Possession adjusting. It’s been around for a couple of years now in football statistics, originally an attempt to help make sense of defensive stats for players; for example, this link from the always-good Statsbomb.
For a while, I’ve wondered about whether possession adjusting would make sense for offensive stats. It’s done for defensive numbers to try and separate who, for examples, tackles a lot because they’re good and who tackles a lot because they have to. Surely some players (or clubs) shoot a lot because they’re good while some have high numbers because they see more of the ball than most others.This is data from the last 3 seasons of the Premier League. The idea – or the theory – is that those above the line are more ‘efficient’ with possession, and those below the line less so.
On the left, this is in attack, when teams have the ball. You can see teams like Leicester 15/16 and Chelsea 13/14 hovering with clear space below them, while Manchester United (in all three seasons) hang below.
On the right, is how teams fare without the ball. The word ‘efficient’ doesn’t quite work in the same way here, but you get the idea. Crystal Palace (the darker brown circles) of 13/14 and 14/15 are both hovering in a nice area above that line, suggesting that they ended up conceding fewer shots than might be expected when taking into account the amount of possession they had. Manchester United 15/16, and Swansea (darker grey) in 13/14 and 15/16 are all some way below that line of best fit.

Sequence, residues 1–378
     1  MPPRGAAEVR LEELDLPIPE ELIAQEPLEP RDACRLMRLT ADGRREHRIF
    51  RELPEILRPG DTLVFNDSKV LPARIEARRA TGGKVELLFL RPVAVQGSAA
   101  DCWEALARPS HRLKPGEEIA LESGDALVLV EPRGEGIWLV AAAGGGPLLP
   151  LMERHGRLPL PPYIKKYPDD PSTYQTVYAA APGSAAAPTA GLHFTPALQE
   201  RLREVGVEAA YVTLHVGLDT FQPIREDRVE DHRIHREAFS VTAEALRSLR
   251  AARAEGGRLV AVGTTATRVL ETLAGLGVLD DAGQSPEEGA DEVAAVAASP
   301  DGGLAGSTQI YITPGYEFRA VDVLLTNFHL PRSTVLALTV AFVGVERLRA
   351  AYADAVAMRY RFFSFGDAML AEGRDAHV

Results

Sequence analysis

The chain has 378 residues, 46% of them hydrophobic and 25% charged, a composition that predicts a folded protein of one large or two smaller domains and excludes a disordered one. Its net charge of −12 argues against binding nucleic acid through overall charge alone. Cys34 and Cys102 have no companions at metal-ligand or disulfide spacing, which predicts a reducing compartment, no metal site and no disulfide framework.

It should be noted very explicitly that this is a very quick and crude method of trying to glean deeper meaning from the stats. If one is wanting to know how ‘efficient’ a team is in creating shots, or preventing them, there will undoubtedly be a lot of better methods. For example, a team may have a high shot total but this may be a result of a very large amount of poor quality shooting opportunities.
Being above or below the line also doesn’t necessarily mean the team is ‘good’ or ‘bad’ – we can see that Manchester United 14/15 made marginally fewer possession adjusted shots per game than West Brom 15/16, but I know which team’s attack I would rather have.
When combining both the attack and defensive sides, the teams get far more spread out.One notices that Manchester City have their three seasons clumped pretty close to the line of best fit, and with some of the most superiour shot differences using both non-adjusted and adjusted numbers. Leicester 15/16, almost dead on a zero shot difference, get propelled up to one of the better shot differentials in the sample.
We also see Manchester United 15/16 occupying the same space as Swansea 13/14. Swansea’s other two seasons are also notably below the line, as too are Arsenal of 13/14 and 15/16.
It’s also interesting, in some cases, to see a team’s progression over the three seasons. I take, as an example, Everton.A backwards slide in shot differential terms, both in raw numbers and possession adjusted. It was probably right for Roberto to go.
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